What is scarce to us today are largely things that were abundant in the past — such as time, clean air, space, inner peace, mindfulness, human touch, meaningful connections or quality time shared with others.
In the opposite context, luxury inevitably means different things than it did in the past. We have everything we need materially, what we lack is spiritual sustenance and symbolic meaning. We feel empty and unfulfilled.
Power of intangibles
This is why the new luxury will be increasingly about the intangibles (experiences, memories, feelings, sensations, human touch, time, space, clean air) over the tangibles (material objects to worship).
We are already seeing consumer behaviour, needs and preferences shift in this direction in a very powerful way, and COVID will only add to this ongoing change. It urges us to shift our perspective to what is truly important — our inner capacity to experience life at its fullest.
The turn from tangibles to the intangibles is the most important shift in consumer behaviour of the 21st century. This shift in perception opens up a whole pool of new opportunities for the luxury brands to tap into that which wasn’t available to them in the past because it wasn’t seen as luxury — yet.
People value meaning — the symbolic aura of a brand based on values, feelings, beliefs and desires they can identify with on a personal level. It’s this invisible net of signification, culture and meaning that decides if brands and products will be successful or not.
Coming back to core value
And this is where luxury has always been at its strongest as the leader in creating a superior value that lasts throughout time and is being passed down to future generations.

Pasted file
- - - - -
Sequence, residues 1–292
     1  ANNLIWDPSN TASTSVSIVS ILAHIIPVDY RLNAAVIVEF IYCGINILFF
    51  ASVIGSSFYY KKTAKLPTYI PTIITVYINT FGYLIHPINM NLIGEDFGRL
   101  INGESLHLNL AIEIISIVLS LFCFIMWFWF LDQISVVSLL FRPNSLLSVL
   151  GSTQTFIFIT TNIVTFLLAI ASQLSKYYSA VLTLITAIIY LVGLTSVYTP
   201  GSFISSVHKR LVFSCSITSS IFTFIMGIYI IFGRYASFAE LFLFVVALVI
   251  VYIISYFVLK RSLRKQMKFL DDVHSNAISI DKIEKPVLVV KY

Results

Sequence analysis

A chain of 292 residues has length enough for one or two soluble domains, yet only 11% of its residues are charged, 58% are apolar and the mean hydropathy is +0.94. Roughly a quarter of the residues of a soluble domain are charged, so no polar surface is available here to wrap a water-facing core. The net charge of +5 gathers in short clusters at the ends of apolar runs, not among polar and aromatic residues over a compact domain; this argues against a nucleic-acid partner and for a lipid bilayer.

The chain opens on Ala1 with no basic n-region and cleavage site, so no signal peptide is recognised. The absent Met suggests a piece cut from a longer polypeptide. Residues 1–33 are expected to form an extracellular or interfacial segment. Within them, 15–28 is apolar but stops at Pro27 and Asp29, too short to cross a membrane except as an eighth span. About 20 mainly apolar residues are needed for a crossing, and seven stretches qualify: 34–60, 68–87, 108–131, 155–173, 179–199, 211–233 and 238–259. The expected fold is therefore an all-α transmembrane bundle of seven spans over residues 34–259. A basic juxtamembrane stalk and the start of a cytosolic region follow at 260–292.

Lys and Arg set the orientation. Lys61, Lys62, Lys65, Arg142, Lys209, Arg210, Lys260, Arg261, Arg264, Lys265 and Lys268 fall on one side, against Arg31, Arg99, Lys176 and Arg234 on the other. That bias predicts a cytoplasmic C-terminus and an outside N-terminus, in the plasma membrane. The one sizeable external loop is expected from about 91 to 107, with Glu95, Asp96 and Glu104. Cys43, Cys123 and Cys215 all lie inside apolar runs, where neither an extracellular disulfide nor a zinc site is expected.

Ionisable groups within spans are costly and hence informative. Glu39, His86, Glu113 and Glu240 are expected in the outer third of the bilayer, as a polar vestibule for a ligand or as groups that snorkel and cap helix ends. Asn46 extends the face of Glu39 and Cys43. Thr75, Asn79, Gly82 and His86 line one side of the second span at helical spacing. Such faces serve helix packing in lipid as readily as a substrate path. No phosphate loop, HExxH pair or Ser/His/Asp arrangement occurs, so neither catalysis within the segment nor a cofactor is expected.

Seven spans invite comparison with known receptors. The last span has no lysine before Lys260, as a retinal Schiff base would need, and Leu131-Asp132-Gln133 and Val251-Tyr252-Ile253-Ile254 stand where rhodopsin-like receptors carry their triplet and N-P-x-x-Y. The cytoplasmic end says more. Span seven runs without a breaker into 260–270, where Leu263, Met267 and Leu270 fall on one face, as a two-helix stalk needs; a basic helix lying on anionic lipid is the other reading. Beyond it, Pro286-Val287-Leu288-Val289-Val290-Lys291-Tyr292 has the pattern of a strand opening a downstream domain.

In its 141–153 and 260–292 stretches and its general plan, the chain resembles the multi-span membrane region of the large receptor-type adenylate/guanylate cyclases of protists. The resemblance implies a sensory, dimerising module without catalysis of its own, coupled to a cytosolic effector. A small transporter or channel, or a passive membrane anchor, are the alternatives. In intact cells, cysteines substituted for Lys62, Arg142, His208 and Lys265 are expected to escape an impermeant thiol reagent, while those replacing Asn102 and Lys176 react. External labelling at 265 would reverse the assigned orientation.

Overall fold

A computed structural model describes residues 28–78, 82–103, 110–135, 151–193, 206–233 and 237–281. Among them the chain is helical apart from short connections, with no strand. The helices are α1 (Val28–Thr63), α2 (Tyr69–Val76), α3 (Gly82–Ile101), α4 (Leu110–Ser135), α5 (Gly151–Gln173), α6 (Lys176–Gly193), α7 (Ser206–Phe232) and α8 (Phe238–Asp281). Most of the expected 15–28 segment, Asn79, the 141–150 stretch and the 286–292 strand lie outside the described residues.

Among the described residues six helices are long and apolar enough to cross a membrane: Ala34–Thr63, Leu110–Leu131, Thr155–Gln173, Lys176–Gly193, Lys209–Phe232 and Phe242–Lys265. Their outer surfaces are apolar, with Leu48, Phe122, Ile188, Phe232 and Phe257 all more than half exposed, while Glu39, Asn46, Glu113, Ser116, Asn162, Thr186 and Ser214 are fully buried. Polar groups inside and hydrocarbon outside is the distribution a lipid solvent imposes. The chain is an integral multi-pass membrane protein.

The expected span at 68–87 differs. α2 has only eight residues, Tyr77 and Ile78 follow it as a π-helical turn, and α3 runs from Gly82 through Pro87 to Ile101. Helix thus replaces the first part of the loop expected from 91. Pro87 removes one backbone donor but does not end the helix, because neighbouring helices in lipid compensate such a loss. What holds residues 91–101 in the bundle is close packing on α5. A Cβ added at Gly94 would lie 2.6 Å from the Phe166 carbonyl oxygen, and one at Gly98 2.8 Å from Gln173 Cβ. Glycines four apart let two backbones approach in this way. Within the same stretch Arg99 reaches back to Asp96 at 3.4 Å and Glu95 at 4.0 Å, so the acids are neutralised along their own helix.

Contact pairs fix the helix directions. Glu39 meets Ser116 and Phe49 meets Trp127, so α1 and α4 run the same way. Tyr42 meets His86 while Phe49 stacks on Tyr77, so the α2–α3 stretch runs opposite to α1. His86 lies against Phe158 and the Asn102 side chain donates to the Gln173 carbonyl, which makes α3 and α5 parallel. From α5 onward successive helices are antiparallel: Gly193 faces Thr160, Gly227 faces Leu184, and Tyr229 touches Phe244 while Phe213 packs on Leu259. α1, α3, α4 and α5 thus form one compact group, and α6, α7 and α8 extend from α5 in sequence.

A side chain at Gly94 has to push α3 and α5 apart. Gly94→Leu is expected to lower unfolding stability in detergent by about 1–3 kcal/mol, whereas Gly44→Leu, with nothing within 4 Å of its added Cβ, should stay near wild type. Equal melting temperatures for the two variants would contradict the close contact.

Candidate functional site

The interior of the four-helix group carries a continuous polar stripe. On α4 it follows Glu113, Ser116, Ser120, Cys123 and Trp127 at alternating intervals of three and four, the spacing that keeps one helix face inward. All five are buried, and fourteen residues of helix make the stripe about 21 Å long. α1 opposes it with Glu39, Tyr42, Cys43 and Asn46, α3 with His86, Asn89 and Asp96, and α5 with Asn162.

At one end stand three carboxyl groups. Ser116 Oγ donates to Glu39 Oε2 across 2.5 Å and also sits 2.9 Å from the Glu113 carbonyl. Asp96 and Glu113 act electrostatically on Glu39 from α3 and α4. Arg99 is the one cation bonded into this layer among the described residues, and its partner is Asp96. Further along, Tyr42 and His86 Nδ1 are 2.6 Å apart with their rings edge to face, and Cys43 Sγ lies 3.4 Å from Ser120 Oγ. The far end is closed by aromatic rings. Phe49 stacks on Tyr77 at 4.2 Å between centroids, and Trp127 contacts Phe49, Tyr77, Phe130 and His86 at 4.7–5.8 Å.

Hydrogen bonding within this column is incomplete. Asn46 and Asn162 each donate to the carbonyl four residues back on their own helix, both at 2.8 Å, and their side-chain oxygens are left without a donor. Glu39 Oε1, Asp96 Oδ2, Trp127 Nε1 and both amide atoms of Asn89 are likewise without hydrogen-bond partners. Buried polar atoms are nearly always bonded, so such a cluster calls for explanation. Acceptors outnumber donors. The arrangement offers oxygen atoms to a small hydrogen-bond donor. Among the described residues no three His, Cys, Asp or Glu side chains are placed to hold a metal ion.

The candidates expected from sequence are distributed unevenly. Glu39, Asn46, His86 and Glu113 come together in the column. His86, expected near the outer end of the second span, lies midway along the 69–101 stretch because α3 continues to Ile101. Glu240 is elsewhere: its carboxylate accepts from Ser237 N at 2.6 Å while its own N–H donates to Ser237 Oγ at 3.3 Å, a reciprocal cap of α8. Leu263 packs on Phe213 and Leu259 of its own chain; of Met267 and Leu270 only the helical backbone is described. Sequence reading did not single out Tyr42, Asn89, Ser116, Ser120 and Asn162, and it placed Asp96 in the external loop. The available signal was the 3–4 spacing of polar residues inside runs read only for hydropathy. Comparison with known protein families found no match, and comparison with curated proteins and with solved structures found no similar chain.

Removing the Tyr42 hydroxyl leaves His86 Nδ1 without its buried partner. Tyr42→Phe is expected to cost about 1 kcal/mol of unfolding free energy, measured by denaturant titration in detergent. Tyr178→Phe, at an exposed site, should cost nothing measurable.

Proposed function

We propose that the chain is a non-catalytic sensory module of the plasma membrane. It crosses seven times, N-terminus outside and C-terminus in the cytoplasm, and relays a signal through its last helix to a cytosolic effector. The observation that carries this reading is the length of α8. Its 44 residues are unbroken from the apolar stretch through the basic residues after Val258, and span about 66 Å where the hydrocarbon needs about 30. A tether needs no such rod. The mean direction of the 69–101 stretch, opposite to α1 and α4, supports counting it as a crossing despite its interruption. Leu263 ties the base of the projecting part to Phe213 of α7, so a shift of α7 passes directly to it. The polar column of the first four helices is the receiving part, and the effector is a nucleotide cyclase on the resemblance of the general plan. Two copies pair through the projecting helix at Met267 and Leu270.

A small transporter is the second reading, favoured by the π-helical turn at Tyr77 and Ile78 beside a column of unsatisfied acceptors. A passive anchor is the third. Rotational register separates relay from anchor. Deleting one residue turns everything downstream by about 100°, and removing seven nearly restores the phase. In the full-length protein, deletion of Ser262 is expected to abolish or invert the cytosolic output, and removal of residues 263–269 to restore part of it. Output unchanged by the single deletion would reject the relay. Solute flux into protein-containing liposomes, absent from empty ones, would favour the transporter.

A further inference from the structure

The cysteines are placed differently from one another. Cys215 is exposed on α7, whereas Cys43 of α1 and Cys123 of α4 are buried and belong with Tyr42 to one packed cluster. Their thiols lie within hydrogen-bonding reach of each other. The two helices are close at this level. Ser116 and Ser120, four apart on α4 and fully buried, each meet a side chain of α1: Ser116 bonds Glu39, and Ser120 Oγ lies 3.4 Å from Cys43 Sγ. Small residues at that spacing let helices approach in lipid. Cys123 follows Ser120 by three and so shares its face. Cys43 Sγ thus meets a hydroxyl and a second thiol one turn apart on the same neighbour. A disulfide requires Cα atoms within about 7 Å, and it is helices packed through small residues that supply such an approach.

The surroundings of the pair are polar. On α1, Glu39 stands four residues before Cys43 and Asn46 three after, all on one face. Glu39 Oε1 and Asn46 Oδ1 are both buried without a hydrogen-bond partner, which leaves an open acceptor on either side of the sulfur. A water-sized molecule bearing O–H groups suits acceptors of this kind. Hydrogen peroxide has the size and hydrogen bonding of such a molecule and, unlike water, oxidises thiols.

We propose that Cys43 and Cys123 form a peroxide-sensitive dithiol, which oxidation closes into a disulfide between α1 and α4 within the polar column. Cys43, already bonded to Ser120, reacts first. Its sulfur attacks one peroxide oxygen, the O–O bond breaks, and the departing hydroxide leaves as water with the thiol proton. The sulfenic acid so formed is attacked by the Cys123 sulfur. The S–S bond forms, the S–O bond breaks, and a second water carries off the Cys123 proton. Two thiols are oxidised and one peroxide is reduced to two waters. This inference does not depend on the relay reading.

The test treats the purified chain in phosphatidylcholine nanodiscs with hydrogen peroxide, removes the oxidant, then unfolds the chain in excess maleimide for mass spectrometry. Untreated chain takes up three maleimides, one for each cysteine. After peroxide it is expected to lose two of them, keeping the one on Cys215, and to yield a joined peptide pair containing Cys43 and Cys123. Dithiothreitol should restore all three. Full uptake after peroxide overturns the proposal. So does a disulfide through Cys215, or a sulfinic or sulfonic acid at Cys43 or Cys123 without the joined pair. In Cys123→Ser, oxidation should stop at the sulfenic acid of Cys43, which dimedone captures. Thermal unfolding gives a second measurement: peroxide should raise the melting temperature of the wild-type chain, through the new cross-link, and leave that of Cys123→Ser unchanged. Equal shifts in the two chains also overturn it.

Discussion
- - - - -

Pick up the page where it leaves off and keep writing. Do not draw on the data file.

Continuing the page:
To come back to this transcendental value of luxury, luxury brands need to refocus on their inner essence and understand how it locks into the human essence in the fast-changing cultural climate today.
COVID offers a great opportunity to the luxury brands and the business world, in general, to pause, reflect and do the alignment work in order to create more meaningful and essential value in people’s lives.
The need to come back to ourselves and our human essence has become an urgent priority this year. If brands can do the same in terms of their essence, recalibrate their thinking, realign their strategy and come back to what is truly meaningful, they will be one step closer to riding the wave of change, rather than falling a victim to it.
More on the rise of luxury essentialism and how brands can embrace their inner essence to be meaningful to people in the next monthly newsletter.
Where to next?
For more information on What does a ‘life of luxury’ really mean? today, head to BBC Culture to read the latest piece featuring Dr Martina Olbertova’s thoughts on the subject.
About the author
Dr. Martina Olbertova is a social scientist, strategist, brand advisor and the world’s leading expert on creating meaning and cultural relevance in business.
She is the Founder and CEO of Meaning.Global, a strategy & cultural intelligence consultancy helping companies adapt to the quickly changing symbolic codes of the 21st century to create meaningful brands, meaningful business and meaningful luxury.